CINCINNATI — The Consumer Financial Protection Bureau (CFPB) is putting pressure on Fifth Third Bank to change its dealer markup policy as part of a potential settlement, according to the Wall Street Journal.
The news source, which cited “people familiar with the matter,” reported Aug. 5 that the CFPB is asking the Fifth Third Bank to reduce the amount it allows its dealer partners to mark up the interest rates on retail installment sales contracts as compensation for arranging financing for car buyers. Agreeing to the regulator’s terms, those sources said, would result in a lower monetary settlement.
The CFPB has made it clear that it believes policies allowing dealer discretion result in minority car buyers paying higher interest rates for auto loans than white buyers. Last month, the CFPB and the Department of Justice (DOJ) reached a $24 million settlement with Honda Finance over allegations that its auto lending practices resulted in thousands of African-American, Hispanic, and Asian and Pacific Islander customers paying higher rates. As part of the settlement, the captive capped dealer markups at 1.25% above the buy rate for auto loans with terms of five years or less, and 1% for auto loans with longer terms.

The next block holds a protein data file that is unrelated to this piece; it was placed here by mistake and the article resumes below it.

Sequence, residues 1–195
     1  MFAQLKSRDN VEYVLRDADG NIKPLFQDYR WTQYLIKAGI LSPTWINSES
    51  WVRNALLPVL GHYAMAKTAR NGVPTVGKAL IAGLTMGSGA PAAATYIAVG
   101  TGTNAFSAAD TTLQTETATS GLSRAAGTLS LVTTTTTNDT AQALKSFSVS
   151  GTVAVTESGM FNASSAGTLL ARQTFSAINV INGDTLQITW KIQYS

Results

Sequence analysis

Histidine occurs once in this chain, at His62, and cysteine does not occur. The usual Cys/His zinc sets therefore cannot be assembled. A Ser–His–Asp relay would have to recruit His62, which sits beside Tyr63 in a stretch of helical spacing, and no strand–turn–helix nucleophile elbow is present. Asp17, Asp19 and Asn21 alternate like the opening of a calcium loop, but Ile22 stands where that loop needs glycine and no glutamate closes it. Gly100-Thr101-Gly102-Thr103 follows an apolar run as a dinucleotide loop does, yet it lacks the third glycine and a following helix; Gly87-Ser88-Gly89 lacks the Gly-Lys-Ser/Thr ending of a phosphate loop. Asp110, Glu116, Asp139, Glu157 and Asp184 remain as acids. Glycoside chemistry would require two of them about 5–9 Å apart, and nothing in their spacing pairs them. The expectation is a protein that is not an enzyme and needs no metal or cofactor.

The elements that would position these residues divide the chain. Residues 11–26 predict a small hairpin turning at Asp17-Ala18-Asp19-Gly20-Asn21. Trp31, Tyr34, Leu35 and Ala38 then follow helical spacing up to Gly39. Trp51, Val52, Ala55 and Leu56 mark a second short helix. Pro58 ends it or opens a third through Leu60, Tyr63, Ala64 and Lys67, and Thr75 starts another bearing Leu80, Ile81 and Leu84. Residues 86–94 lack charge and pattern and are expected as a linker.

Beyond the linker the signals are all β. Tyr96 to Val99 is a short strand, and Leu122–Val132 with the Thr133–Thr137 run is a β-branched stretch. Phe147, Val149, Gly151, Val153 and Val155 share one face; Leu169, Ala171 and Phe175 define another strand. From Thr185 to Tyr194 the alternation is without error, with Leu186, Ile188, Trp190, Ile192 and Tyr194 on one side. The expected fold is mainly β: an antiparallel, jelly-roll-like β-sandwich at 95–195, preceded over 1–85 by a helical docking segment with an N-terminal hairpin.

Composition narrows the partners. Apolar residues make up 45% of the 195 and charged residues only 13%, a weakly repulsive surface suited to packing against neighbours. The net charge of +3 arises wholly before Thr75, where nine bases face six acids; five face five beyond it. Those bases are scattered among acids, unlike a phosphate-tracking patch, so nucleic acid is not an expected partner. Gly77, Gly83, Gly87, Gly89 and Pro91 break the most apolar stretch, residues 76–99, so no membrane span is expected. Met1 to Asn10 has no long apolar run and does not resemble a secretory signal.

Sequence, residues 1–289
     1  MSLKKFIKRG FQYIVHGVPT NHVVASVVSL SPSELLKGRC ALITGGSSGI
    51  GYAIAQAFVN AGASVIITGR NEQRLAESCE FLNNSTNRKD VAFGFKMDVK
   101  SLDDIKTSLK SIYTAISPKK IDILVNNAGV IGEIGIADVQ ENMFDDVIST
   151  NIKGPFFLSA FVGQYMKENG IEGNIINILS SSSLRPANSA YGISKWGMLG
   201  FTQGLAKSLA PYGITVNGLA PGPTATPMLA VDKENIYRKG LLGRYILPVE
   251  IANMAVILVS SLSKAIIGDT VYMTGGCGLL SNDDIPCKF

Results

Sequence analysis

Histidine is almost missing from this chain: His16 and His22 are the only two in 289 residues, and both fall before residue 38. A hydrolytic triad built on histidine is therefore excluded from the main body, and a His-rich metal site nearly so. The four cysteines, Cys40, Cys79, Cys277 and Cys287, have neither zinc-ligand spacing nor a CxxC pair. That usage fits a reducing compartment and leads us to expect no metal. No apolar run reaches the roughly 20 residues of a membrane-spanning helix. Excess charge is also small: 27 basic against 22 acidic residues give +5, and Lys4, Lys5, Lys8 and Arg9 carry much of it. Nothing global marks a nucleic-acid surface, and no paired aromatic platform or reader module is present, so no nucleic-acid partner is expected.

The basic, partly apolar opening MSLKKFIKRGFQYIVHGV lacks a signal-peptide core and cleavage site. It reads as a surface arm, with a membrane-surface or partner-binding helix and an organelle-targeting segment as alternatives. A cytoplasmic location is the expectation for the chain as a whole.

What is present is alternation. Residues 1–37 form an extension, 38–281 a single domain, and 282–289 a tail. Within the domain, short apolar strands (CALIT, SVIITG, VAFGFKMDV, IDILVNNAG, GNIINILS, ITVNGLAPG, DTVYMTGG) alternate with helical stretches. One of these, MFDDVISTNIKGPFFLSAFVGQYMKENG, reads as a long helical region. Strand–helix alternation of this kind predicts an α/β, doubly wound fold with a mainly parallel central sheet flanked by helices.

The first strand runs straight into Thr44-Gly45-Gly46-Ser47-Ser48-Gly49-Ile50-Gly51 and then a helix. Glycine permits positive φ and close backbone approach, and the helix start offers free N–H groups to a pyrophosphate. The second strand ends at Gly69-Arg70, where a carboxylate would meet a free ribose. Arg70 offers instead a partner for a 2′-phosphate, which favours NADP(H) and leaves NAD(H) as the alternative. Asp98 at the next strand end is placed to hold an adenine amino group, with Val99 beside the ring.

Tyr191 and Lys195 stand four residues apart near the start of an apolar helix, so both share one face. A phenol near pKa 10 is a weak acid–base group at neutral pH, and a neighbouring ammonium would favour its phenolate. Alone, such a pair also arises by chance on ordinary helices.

Fifth Third Bank has been monitoring the effect of its dealer markup policy since the summer of 2013. That’s when the finance source issued a letter to its dealer partners stating that it would regularly review auto loans to “ensure that dealer reserve (markup) is not applied disproportionately based on an applicant’s race.” A year later, the bank announced in a regulatory filing that it was under investigation by the DOJ to determine whether it engaged in discriminatory auto lending practices.
The Wall Street Journal’s sources were unsure of the amount of the bank’s potential settlement with the CFPB, or whether it would agree to the bureau’s terms.
Fifth Third Bank declined to comment on the matter.
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